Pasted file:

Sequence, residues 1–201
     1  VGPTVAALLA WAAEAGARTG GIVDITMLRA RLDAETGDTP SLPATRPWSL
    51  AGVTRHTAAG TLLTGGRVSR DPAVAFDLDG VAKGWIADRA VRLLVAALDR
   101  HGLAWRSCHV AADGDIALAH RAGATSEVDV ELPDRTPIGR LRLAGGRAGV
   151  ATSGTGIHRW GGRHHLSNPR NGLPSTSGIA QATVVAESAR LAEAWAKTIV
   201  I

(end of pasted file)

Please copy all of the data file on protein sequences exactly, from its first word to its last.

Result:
Sequence, residues 1–201
     1  VGPTVAALLA WAAEAGARTG GIVDITMLRA RLDAETGDTP SLPATRPWSL
    51  AGVTRHTAAG TLLTGGRVSR DPAVAFDLDG VAKGWIADRA VRLLVAALDR
   101  HGLAWRSCHV AADGDIALAH RAGATSEVDV ELPDRTPIGR LRLAGGRAGV
   151  ATSGTGIHRW GGRHHLSNPR NGLPSTSGIA QATVVAESAR LAEAWAKTIV
   201  I